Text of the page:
The sights are open front and rear with fiberoptic inserts. Because this is a PCP, I won’t try the open sights in my testing; but if I did, I would light the target to defeat the fiberoptics because they’ll detract from a precise sight picture. The rear sight adjusts for elevation by sliding it up and down an inclined plane. The front sight adjusts for windage by drifting the sight sideways in its dovetail. Remember to move the front sight in the opposite direction than you want the strike of the round to move.

Of course, most owners will mount a scope on this rifle, which is what I plan to do. The 11mm dovetail rail is just over 6 inches long, which is big enough to handle any large scope on the market.

Discharge sound
This is an outdoor air rifle, to be sure. Nothing is held back when it fires. It presents no problem for a person outdoors in a rural place, but you’ll need a large backyard if you don’t want to disturb your neighbors. It isn’t as loud as a .22 short cartridge, but it’ll seem very loud in this day of silenced PCPs.

The barrel is solid and free-floated from the receiver all the way out. That is important for accuracy because the removable reservoir underneath the barrel flexes as the pressure drops during firing.

Not for field target!
There is a rumor floating around that the 1250 Dominator is a good rifle for the sport of field target. Not so! In fact, it would not be legal to use such a powerful air rifle in a field target match. The confusion probably stems from the fact that years ago there was another Walther Dominator that was purpose-built as a field target rifle. That one was a converted Walther 10-meter target rifle whose power was increased to make it competitive. This one would have to be seriously detuned to be used. This is a hunting rifle — pure and simple.

Filling the reservoir
The reservoir is removed from the rifle for filling. And I’m so glad I got to test this gun because I twice discharged the whole fill before remembering how this type of valve works. The manual gives the correct instructions…but whoever reads the manual — until they lose two entire fills?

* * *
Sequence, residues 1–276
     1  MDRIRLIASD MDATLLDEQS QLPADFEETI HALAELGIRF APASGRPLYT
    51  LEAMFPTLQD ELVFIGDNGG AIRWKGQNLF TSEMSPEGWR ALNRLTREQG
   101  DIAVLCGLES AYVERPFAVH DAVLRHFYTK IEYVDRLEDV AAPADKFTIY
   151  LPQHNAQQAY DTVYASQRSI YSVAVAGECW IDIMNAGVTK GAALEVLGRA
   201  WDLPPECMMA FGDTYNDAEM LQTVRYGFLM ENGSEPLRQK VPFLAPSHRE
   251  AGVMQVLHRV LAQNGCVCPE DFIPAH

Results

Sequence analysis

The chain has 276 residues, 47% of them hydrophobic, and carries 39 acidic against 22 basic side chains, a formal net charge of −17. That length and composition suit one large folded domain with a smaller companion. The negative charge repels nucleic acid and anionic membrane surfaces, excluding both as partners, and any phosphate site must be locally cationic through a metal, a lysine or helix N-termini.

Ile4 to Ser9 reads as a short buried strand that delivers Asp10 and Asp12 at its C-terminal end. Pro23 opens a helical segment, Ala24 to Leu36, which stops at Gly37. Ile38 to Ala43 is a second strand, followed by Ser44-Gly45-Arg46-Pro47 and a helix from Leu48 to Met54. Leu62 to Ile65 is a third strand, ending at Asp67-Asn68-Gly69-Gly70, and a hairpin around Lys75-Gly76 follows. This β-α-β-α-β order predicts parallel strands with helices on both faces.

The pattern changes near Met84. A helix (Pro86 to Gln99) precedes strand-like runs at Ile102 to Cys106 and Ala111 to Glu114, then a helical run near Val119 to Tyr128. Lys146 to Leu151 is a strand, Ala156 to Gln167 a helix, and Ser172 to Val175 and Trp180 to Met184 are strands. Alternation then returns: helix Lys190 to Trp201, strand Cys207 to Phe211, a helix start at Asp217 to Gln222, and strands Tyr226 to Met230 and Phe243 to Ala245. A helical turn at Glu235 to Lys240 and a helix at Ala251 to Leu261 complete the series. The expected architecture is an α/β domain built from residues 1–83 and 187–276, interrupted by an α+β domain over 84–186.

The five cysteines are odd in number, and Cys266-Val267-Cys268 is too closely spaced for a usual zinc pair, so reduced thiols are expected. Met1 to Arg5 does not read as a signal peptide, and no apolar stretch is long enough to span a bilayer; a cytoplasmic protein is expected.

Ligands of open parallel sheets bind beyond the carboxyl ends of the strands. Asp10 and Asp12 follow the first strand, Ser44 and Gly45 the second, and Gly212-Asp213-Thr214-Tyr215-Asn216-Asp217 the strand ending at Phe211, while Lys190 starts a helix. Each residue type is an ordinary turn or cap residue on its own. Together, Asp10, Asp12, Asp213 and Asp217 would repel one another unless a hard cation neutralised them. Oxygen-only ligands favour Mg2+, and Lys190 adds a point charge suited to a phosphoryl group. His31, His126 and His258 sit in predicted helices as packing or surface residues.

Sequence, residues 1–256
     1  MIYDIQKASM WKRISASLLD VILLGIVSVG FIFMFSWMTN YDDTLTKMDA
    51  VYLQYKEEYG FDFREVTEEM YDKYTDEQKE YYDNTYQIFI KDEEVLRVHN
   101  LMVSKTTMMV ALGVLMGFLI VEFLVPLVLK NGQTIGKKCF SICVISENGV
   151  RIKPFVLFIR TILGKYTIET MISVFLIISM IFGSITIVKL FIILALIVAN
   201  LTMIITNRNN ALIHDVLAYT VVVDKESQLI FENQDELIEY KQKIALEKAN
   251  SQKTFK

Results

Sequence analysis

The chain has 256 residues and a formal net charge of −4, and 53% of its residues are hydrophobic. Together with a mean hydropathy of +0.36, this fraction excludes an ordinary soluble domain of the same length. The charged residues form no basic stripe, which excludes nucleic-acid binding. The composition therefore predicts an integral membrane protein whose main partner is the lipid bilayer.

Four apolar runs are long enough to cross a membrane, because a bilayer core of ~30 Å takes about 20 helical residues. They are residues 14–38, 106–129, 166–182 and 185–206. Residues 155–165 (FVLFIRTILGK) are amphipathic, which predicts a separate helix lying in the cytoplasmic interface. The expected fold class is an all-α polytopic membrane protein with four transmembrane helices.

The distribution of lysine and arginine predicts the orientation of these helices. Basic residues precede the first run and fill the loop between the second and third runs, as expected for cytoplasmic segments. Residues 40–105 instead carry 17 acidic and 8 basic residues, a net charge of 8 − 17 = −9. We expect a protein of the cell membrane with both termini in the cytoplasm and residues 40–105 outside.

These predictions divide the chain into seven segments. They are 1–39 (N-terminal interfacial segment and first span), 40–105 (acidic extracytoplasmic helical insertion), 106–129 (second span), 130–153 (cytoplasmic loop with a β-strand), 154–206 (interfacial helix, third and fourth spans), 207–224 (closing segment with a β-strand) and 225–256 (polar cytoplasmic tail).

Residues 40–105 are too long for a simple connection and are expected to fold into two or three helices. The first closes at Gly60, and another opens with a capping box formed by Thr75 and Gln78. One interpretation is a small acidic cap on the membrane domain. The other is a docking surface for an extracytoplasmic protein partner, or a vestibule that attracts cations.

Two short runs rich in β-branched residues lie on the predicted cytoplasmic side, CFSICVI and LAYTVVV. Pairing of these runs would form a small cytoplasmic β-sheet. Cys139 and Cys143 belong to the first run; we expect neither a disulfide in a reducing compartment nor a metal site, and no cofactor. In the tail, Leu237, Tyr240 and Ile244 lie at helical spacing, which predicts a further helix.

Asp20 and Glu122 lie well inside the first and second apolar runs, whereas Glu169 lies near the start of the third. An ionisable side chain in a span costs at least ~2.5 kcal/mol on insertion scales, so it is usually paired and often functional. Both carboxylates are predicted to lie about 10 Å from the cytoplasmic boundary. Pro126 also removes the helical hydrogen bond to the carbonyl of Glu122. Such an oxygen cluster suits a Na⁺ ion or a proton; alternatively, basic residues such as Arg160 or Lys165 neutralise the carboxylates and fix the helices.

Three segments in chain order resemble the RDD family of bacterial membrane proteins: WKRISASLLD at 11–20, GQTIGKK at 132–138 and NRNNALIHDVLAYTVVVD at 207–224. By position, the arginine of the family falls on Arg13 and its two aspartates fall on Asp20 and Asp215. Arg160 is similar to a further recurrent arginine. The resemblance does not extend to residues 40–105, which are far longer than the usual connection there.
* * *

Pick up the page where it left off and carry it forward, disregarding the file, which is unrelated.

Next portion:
The trick is to shut off the tank and then unscrew the reservoir without bleeding it. Don’t use the tank’s bleed valve with the tank turned off because the reservoir inlet valve is held open mechanically when the reservoir is screwed in all the way to the fill adapter.

Speaking of the fill adapter, it’s a 300-bar DIN adapter, so you have to have something to screw it into. I was able to screw it directly into my carbon fiber tank valve, but you may not have a 300-bar DIN connection. If you don’t, buy one from Pyramyd Air. The Air Venturi Female DIN Adapter allows you to connect a female Foster quick-disconnect adapter, which many hand pumps come with these days, to the Walther 1250 Dominator fill adapter.

Walther 1250 Dominator precharged pneumatic airgun
The fill adapter screws into a 300-bar DIN adapter. The tank screws onto the other end.

Well, that’s about it for the overview. It’s an interesting PCP; but to hold its own, it’s up against some tough competition. It will all come down to two things — the trigger and, of course, accuracy. And that’s what we’ll evaluate in the tests to come.